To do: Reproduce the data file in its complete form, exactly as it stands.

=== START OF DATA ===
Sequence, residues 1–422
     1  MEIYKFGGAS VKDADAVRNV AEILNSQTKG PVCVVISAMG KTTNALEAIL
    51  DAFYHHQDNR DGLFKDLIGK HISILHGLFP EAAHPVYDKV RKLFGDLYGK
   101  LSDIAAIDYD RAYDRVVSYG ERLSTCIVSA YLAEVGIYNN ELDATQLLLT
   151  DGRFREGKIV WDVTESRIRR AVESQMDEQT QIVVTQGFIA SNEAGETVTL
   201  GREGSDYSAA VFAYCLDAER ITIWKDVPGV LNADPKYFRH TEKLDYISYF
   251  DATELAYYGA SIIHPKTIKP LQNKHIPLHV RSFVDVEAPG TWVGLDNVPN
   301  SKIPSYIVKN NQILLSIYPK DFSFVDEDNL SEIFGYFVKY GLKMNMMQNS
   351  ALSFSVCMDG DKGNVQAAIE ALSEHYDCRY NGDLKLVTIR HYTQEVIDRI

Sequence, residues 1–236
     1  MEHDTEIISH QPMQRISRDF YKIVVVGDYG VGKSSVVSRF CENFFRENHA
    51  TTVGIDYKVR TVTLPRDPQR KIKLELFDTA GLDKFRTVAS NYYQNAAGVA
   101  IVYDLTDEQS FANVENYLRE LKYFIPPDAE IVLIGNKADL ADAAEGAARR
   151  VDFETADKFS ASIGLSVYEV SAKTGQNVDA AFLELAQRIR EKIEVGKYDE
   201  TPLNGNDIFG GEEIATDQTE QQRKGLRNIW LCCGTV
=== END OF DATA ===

Sequence, residues 1–422
     1  MEIYKFGGAS VKDADAVRNV AEILNSQTKG PVCVVISAMG KTTNALEAIL
    51  DAFYHHQDNR DGLFKDLIGK HISILHGLFP EAAHPVYDKV RKLFGDLYGK
   101  LSDIAAIDYD RAYDRVVSYG ERLSTCIVSA YLAEVGIYNN ELDATQLLLT
   151  DGRFREGKIV WDVTESRIRR AVESQMDEQT QIVVTQGFIA SNEAGETVTL
   201  GREGSDYSAA VFAYCLDAER ITIWKDVPGV LNADPKYFRH TEKLDYISYF
   251  DATELAYYGA SIIHPKTIKP LQNKHIPLHV RSFVDVEAPG TWVGLDNVPN
   301  SKIPSYIVKN NQILLSIYPK DFSFVDEDNL SEIFGYFVKY GLKMNMMQNS
   351  ALSFSVCMDG DKGNVQAAIE ALSEHYDCRY NGDLKLVTIR HYTQEVIDRI

Sequence, residues 1–236
     1  MEHDTEIISH QPMQRISRDF YKIVVVGDYG VGKSSVVSRF CENFFRENHA
    51  TTVGIDYKVR TVTLPRDPQR KIKLELFDTA GLDKFRTVAS NYYQNAAGVA
   101  IVYDLTDEQS FANVENYLRE LKYFIPPDAE IVLIGNKADL ADAAEGAARR
   151  VDFETADKFS ASIGLSVYEV SAKTGQNVDA AFLELAQRIR EKIEVGKYDE
   201  TPLNGNDIFG GEEIATDQTE QQRKGLRNIW LCCGTV